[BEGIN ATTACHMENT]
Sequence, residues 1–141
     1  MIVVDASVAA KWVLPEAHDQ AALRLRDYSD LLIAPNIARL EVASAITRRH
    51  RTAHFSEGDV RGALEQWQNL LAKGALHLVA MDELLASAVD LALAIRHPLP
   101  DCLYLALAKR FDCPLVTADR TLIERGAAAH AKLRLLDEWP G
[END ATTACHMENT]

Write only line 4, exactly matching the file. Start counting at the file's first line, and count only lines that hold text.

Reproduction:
   101  DCLYLALAKR FDCPLVTADR TLIERGAAAH AKLRLLDEWP G